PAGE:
(This post is Part 2 of of Chapter 6. To catch up on the story so far, look at:
Post 1 (Chapter 1, Part 1)
Post 2 (Chapter 1, Part 2)
Post 3 (Chapter 1, Part 3)
Post 4 (Chapter 3, Part 1)
Post 5 (Chapter 3, Part 2)
Post 6 (Chapter 4, Part 1)
Post 7 (Chapter 4, Part 2)
Post 8 (Chapter 6, Part 1)
NB: Chapter 2 and Chapter 5 have been omitted deliberately. Chapter 5 takes place in the art room at Frankie's school and contains additional revelations about both Penny Ganz's mother and the cheating scandal).
After washing my hands and putting the nappy in the outside bin, I went back into the kitchen, where Mum was washing out the cutlery drawer with a set look on her face. “Mum,” I said. “I can walk Phil to gym if you like. I’ll call Mrs Obloswki and we can meet up with her and Tina and Jess at the corner and walk with them.” This, it must be said, represented a generous offer on my part, if I do say so myself. It was a solid half-hour walk each way to the gym, and Phil would train for an hour, so I was committing two hours. (I was planning, however, to do my homework in the observation room at the gym, so it wouldn’t be entirely wasted).
Mum looked at me consideringly, then smiled. “That’s kind, Frankie, but I’ll take her in the car. I need to talk to her coach today about the state championships anyway. Besides, you need to tidy your room. Remember, Vicky and I are camping out with you for the next two nights. Auntie Dido will be here around 9 o’clock tonight.” She sighed.
“Oh yes,” I said gloomily. “Auntie Dido.” Sigh.
Auntie Dido was my Mum’s aunt, so technically my great-aunt, but let me tell you, there is nothing in the least bit great about her. She’s in her early seventies somewhere but acts much older in a lot of ways. She lives in Adelaide but comes to Melbourne five or six times a year to see her army of medical specialists, at which time she always expects to stay with us, and to occupy Mum and Dad’s lovely big room with its en suite and beautiful herb garden walled courtyard (where Mum sits to edit sometimes while Vicky plays endless games of tea party with her dollies). Auntie Dido has a range of health issues, both minor and major, and I suppose that’s part of what makes her so crabby all the time. It must suck to be sick. (Well, I remember. Having leukaemia at 7 was pretty sucky and all. But I am healthy now, thankfully).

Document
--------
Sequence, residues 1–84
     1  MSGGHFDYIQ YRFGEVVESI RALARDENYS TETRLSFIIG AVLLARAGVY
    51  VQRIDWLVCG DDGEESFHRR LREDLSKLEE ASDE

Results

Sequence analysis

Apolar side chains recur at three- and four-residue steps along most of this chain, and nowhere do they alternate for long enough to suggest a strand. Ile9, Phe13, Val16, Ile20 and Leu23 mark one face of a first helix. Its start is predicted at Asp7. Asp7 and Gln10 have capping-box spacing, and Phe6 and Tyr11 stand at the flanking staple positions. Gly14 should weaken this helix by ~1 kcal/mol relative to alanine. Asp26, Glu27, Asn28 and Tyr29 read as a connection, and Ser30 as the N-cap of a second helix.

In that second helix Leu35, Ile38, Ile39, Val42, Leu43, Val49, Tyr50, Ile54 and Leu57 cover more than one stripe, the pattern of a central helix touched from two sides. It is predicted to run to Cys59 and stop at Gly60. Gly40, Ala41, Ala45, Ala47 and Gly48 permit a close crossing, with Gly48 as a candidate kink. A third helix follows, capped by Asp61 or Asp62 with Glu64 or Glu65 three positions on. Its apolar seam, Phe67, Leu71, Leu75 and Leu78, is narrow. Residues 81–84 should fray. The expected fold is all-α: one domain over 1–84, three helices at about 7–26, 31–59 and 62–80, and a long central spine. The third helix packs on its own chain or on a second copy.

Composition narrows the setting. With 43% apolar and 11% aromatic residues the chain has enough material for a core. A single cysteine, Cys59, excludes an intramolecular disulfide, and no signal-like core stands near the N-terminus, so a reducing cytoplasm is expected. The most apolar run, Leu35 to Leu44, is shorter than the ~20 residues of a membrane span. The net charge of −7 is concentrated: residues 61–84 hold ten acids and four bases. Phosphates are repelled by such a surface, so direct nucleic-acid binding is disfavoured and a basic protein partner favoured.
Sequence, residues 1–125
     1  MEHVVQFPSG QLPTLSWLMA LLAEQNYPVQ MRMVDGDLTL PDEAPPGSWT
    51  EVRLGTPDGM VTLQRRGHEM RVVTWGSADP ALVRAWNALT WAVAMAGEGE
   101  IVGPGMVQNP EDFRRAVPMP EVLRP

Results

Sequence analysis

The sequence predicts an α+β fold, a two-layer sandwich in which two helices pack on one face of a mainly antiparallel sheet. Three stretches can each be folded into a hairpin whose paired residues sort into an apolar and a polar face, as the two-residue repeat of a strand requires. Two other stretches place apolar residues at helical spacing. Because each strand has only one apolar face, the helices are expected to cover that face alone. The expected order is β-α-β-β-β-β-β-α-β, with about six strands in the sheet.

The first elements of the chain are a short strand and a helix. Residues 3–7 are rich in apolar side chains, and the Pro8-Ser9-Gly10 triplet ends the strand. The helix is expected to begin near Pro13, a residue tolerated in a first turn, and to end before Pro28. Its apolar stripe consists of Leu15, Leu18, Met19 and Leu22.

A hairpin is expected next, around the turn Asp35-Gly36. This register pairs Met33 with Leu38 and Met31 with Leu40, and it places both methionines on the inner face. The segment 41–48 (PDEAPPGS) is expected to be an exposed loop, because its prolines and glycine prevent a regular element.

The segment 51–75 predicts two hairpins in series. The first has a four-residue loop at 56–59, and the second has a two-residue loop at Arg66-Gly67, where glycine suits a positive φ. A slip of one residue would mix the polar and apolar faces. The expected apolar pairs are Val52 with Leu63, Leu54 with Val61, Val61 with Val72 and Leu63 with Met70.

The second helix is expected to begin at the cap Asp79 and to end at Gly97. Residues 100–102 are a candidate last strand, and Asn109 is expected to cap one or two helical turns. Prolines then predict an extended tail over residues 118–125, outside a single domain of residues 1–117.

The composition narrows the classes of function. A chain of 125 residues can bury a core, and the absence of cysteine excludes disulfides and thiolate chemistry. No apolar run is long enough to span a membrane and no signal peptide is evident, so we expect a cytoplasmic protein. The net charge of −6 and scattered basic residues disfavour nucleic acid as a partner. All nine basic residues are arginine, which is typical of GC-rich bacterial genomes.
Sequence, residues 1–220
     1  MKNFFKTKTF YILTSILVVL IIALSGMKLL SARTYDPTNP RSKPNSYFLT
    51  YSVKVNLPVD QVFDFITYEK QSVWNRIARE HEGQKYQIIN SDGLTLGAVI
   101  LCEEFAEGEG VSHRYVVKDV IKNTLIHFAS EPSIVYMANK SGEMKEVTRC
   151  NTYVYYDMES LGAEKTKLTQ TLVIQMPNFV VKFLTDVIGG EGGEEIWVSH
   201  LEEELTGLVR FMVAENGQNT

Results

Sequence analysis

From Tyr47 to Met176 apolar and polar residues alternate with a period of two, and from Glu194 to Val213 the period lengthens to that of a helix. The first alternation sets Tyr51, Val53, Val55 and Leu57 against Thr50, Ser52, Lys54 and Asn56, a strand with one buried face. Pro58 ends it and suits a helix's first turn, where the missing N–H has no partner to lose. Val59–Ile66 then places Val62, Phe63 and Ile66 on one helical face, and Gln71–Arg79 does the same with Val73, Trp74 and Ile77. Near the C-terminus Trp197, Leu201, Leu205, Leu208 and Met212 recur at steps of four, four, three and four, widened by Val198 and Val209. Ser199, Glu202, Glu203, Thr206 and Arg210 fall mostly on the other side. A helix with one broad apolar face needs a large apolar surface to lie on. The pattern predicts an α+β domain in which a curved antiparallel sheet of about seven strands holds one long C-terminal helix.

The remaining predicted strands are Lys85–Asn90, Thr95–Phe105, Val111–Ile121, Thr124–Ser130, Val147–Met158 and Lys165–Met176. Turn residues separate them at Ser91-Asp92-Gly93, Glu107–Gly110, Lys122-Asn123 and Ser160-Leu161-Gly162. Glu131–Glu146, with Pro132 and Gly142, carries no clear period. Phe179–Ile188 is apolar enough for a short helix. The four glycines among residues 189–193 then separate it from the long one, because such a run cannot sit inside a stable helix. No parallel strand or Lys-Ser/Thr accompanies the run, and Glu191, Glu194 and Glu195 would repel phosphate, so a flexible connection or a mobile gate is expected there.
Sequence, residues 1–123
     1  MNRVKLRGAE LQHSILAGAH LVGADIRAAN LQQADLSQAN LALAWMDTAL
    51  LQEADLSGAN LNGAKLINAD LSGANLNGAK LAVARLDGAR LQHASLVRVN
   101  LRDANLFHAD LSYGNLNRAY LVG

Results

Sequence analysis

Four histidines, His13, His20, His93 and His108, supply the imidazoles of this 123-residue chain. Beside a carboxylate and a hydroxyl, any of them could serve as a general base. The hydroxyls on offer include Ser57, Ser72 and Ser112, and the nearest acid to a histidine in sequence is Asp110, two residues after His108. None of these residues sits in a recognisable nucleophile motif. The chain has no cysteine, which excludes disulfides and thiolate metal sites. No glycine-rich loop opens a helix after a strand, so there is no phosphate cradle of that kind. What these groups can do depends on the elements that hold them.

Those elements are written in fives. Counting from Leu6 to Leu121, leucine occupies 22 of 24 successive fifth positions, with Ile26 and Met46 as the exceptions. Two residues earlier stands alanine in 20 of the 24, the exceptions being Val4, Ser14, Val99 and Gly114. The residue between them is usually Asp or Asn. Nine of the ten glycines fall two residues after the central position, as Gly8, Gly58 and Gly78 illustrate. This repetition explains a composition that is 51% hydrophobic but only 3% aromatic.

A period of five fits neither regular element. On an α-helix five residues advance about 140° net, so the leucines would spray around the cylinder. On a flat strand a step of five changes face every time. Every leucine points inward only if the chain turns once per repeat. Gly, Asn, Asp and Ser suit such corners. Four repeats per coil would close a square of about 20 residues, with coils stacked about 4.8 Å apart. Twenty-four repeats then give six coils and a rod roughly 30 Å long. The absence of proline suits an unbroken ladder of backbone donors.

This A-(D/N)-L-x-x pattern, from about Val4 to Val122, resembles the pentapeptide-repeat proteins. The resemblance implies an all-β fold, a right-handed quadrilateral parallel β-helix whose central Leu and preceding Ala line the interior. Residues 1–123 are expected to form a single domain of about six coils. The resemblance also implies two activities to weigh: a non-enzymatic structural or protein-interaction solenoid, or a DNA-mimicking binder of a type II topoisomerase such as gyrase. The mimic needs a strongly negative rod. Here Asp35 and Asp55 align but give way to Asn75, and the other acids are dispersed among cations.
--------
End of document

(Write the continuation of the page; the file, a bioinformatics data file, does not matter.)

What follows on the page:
Sick or not, Auntie Dido was a difficult guest. Nothing was ever good enough for her, and she sniped constantly at my Mum about the State of the House, the Behaviour of the Children, the Inadequacies of Doctors, the Dreadfulness of Melbourne, and anything else she could find to whine about. My Mum always dreaded her visits, although she tried to pretend she didn’t. It was easier if Dad was here when she came; he buffered Mum a bit, and drove Dido to her medical appointments (reluctantly, but he did it). Still, they used to argue about it. Dad thought Mum shouldn’t have to put up with Dido’s filthy rudeness. Mum thought Dad didn’t understand the obligation she felt. They were both right, which meant the argument never ended.
When Auntie Dido came to stay, Mum, Dad (if he was home) and Vicky vacated their room and moved to mine, which was the biggest of the other bedrooms and had a double bed and plenty of room for Vicky’s cot. If Dad was home, I slept in with Phil in her room, on a mattress on her floor. If he wasn’t, though, Mum and I just shared my bed. Thankfully, neither of us snores.
So this meant that I had some cleaning to do, and quick smart too. “OK,” I agreed. “I’ll move Vicky’s cot, too.”
“Thank you,” Mum said, and gave me a tired smile. “I think the living area is pretty OK and I’ve made a lasagne for dinner, all you need to do is put the oven on at 5 o’clock and put it in. When I get back with Phil at 5:30, I’ll make the salad and we can eat at 6.” With that, she hurried off to collect Phil and Vicky. Within three minutes, the car doors were slamming, and they were on their way.